It's all Greek to me!!!

Discussion in 'Recipes' started by cape chef, Oct 4, 2001.

  1. cape chef

    cape chef

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    Can anyone out there find me an authentic recipe for "Arni A La hasapa"

    Your help is much appreciated
    cc
     
  2. athenaeus

    athenaeus

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    Let me check Tselementes for you!

    If it's not there so this dish might have been introduced by an unemployed architect of Athens that plays the chef!

    ;)
     
  3. papa

    papa

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    Dear CC:

    Arni A la Hassapa.

    Ingredients:

    6 lean lamb chops
    1/3 to 1/2 cup extra virgin olive oil (to taste)
    2 large onions, thinly sliced.
    2 pounds of riped tomatoes, peeled and diced (reserve the juice)
    1 teaspoon honey
    Sea salt
    1 teaspoon cracked black pepper (to taste)
    1 tablespoon tomato paste diluted in 2 tablespoons of water.
    1/2 cup meat stock
    2 tablespoons ground cumin
    3 tablespoons dried oregano.
    2 pounds green beans such as young favas or Romanos, trimmed, strings removed, and cut into 2-3 inch lenghts.
    1 cup coarsly chopped flat-leaf parsley.
    Juice of 1 lemon (to taste)

    For Serving:

    2 tablespoons finely chopped "preserved" lemon or finely grated lemon zest, blanched in boiling water for 5 seconds.
    1 large clove of garlic, finely chopped.

    Instructions:

    Heat the oven to 325. Trim off all the fat and sinew from the lamb and carefully wipe the meat to remove any bone splinters.

    Heat 3 tablespoons of the olive oil in a large heavy skil;let and lightly brown the lamb over medium het. Drain on paper towels and transfer to a deep glazed clay or enamel-lined cast iron casserole at least 4 inches deep. Reduce the heat to low and saute the onion 10 minutes or until soft. Add the tomatoes, honey, salt and pepper, raise the heat, and boil 3 minutes or until reduced by one third. Add the tomato paste, stock, cumin and oregano, stir to mix and pour over the meat. Cover and bake for 50 minutes.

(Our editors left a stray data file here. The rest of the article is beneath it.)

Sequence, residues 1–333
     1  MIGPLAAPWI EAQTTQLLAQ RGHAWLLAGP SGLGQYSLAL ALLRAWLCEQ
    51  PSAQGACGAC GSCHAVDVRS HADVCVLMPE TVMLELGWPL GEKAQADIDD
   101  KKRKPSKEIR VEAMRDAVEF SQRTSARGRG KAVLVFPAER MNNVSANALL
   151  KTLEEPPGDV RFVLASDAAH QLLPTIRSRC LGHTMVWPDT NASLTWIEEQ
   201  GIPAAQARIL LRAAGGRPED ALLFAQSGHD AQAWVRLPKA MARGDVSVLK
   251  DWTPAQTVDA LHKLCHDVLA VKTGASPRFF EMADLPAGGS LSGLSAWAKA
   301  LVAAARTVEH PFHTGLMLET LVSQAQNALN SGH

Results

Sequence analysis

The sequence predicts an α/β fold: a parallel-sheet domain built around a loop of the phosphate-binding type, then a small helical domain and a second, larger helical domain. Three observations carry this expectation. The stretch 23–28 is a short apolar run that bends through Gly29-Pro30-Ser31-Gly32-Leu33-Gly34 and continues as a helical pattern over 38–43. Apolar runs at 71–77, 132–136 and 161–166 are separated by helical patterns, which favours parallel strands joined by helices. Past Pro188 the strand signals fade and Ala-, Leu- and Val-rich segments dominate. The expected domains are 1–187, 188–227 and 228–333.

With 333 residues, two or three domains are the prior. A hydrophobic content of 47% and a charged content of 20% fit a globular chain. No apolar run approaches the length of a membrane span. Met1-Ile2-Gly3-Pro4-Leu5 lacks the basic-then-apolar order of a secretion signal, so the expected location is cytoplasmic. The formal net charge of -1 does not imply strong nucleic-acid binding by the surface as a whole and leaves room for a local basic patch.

Blanch the beans in lightly salted water for 1 minute. drain and *** to the casserole with the remaining olive oil. Shake gently to mix, cover and bake for 30 minutes longer. There should be about 1 and 1/2 cups of sauce (if there is more just uncover the dish-if less just add water) and bake for 15 minutes longer. Reserve 2 tablespoons of the parsley and stir in the remaining parsley. Set aside for 5 minutes in a warm place.

    Chop the "preserved" lemon, garlic, reserved parsley and mix them with a large pinch of salt. (This is to be added to the plate at serving)

    Add salt, pepper and the lemon juice (to taste) to the casserole. The souce should be highly seasoned. Serve straight from the casserole. Sprinkle the plates with the parsley mixture.

    IMPORTANT: Unless you have tender, young favas, you should shell them before using.

    This is "Arni a la Hassapa" or Butcher's Lamb.

    There are several variations to this dish.

    The most popular variation calls for the replacement of the beans by large cubes of eggplant, cauliflower florets, small potatoes, baby zucchini, artichoke hearts, thin leeks or cooked dried beans. Fry the eggplant dice in olive oil until golden brown on all sides before adding to the meat and blanch the fresh vegetables in boiling water for 1 minute before adding them. Cooked dried beans do not need any preparation.

    My greataunt must be proud of me for remembering this recipe!

    :D
     
  4. cape chef

    cape chef

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    Afra,Thank you for your help, I do many searches on the web...But knowing we have a community of Greek friends of cheftalk I thought I would pose them the question.Thank you again Afra.

    Papa, That is exactly what I was looking for,I also prefere to use fresh fava's..But the seasons dictates that.

    I find the foods of Greece to be a great resourse as far as introducing subtle nuiances into our dishes.

    The salty,briny,sweet,rich and multi textured foods of Greece are another componet of the Mediterranean that can really add a wonderful dimension to our cooking.

    Papa,when we teamed up back in June to prepare your great aunts dishes at the cooking school in Ct I couldn't help but find the food having a somewhat historical flavor of the Mediterranean.

    Thanks again for your help.
    cc
     
  5. athenaeus

    athenaeus

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    Yes!!!!

    I didn't know they call this dish like that!
    Do they call it like that in Greece also , Papa?

    Someone asked one day about the casseroles in Greek cooking, aren't they fabulous?


    :)
     
  6. papa

    papa

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    Dear Athenaeus:

    This is the name that I have encountered for this dish in the villages of our mainland. I do not know if they use the same name for this dish in Athens anymore since everything now must appear with a "trendy" name. Butchers are not very trendy in our modern societry!

    Dear CC:

    I am so glad that I was able to be of assistance! I hope that I remembered the instructions correctly! :)
     
  7. athenaeus

    athenaeus

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    I 've never heard of it although I eat this dish very often!

    And this a la hasapa doesn't sound too Greek.
    And i thought that I was using the language better than my casseroles...


    :p